2021 CMSC Annual Meeting

Negative Dual Task Effects Can be Similar in People with Multiple Sclerosis and Controls, but Depend on Processing Time, Not Single Task Performance


Background: Activities of daily living demand simultaneous performance of two or more tasks. Dual task effect (DTE) is the relative change in performance of tasks executed individually versus simultaneously and can be quantified: DTE%= (dual task performance–single task performance)/single task performance. Attention is a limited resource and is it logical to posit that DTEs of cognitive-motor tasks are negative, especially in people with multiple sclerosis (PWMS) who may experience both cognitive and motor impairments.
Objectives: Primary aim: Examine dual cognitive-motor task performances in PWMS. Hypothesis: PWMS would experience larger negative DTEs in cognitive and motor performances than controls.
Methods: Thirteen PWMS (mean 48.2 years, mean Patient Determined Disease Steps Scale 1.92) and 13 matched controls (mean 46.5 years) performed a non-fatiguing, submaximal, isometric force steadiness task of the ankle dorsiflexors, muscles that contribute to standing balance, and the Paced Auditory Serial Addition Test (PASAT) under two conditions, the PASAT-3 and PASAT-4 in which stimuli were presented at 3 or 4 second intervals, respectively. Steadiness was expressed as coefficient of variation (CV%). Dual task effects on cognitive and motor performances were calculated. Comparisons were made with repeated measures ANOVA and t-tests.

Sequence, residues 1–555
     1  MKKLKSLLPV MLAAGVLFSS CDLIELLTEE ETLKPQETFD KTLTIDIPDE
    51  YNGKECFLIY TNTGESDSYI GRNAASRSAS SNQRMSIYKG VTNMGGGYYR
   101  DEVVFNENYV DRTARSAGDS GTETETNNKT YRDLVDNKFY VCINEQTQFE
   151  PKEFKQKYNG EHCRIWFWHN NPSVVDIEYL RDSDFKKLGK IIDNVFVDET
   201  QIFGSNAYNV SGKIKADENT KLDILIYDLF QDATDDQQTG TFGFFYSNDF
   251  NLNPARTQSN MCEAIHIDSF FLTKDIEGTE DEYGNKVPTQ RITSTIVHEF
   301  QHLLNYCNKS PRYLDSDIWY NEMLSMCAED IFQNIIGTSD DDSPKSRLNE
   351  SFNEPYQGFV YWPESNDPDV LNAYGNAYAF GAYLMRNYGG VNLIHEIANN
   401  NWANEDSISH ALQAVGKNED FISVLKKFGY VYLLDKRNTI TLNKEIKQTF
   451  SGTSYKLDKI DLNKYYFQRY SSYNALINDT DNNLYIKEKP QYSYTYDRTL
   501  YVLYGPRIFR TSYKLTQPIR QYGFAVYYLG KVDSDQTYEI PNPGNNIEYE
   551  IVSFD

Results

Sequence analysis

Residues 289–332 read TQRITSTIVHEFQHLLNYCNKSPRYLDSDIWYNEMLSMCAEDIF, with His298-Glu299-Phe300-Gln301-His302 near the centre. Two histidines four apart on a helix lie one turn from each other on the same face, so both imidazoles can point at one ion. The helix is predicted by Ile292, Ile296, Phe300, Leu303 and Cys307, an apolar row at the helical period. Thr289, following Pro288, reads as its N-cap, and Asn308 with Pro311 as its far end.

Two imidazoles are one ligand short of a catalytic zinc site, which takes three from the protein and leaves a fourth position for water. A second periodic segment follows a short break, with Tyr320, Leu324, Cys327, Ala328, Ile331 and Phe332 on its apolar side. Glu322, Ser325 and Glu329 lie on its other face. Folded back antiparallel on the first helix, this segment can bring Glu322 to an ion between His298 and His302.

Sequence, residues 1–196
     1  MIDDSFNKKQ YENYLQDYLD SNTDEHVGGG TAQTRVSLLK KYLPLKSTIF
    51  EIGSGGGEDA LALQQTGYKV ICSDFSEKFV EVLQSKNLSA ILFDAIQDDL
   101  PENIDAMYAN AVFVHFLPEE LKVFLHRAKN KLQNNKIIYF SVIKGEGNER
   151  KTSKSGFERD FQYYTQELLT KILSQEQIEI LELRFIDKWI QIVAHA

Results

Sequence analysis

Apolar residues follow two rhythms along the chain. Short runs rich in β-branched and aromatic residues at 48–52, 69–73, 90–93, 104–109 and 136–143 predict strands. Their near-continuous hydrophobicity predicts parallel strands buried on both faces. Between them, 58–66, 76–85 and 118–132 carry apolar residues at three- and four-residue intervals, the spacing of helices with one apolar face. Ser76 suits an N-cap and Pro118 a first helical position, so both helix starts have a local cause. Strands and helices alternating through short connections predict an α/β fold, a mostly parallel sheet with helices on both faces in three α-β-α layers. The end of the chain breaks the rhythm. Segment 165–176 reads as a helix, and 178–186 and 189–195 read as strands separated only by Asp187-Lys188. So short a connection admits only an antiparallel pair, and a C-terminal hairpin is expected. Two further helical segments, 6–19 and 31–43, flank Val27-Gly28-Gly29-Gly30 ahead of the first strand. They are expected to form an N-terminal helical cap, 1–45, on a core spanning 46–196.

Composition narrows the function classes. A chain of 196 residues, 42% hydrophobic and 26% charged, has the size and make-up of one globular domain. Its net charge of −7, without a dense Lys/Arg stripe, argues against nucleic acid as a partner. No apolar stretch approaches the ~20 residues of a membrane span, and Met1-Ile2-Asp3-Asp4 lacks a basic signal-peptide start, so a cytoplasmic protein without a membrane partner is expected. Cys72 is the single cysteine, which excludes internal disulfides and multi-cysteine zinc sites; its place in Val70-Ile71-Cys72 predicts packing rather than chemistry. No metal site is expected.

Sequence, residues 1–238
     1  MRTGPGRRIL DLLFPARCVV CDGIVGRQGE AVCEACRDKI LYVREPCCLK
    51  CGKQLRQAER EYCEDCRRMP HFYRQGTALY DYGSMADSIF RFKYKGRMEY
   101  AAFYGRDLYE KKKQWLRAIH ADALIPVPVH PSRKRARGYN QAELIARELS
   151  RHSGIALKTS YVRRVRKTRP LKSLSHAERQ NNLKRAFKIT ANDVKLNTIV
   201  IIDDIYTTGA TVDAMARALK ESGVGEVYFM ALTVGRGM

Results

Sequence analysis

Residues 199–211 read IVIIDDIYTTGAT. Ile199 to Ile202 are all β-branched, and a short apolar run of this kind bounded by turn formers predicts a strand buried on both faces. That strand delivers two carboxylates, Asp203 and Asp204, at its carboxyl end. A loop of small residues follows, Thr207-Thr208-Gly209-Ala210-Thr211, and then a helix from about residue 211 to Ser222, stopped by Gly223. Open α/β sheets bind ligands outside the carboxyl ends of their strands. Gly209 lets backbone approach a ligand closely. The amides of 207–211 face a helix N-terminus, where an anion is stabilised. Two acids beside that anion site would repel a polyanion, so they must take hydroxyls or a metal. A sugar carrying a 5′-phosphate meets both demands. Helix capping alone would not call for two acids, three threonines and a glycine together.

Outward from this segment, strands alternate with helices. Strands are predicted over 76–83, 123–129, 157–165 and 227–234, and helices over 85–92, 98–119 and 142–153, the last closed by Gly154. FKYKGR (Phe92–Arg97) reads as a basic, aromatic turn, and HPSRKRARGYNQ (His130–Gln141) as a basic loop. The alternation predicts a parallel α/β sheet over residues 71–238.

Results: Despite similar strength (Control=15.08 Nm, MS=13.54, p=.503), PWMS were less steady in both single task (CV% Control=1.48, MS=2.36, p<.01) and dual task conditions (PASAT-3 CV% Control=1.94, MS=2.83, p<.01; PASAT-4 Control=1.71, MS=2.49, p=.013). Both groups had negative motor DTEs that did not differ between groups (DTE% PASAT-3 Control=-29.47, MS=-42.66, p=.340; PASAT-4 Control=-20.37, MS=-24.58, p=.156). For cognitive measures, controls outperformed PWMS on single task PASATs (Accuracy% PASAT-3 Control=93.47, MS=80.13, p<.01; PASAT-4, Control=95.77, MS=84.13, p<.01). Compared to controls, PWMS had similar cognitive DTEs for PASAT-3 (DTE% Control=-9.39, MS=-13.27, p=.970), but larger negative DTEs on PASAT-4 (DTE% Control=-4.39, MS=-11.47, p=.012), suggesting that PWMS did not benefit from additional processing time in the PASAT-4. Conclusions: Controls and PWMS experienced negative DTEs on cognitive and motor performances. Although PWMS had lower baseline scores for single tasks, relative decline was only greater in PWMS when cognitive tasks were performed at a slower pace. Thus, performance declines may be dependent on available processing time.